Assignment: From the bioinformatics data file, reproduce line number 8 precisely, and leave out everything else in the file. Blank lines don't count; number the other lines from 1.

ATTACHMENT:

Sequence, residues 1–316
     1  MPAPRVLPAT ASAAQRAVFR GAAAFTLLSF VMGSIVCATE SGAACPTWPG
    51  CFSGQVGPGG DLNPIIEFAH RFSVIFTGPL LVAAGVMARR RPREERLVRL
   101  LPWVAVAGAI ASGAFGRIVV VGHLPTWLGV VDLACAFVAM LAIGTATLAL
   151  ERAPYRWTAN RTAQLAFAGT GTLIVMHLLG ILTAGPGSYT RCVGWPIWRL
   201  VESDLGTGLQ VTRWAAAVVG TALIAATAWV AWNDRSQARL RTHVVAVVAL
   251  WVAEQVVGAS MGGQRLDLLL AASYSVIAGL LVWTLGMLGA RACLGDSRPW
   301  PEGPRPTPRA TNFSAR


   301  PEGPRPTPRA TNFSAR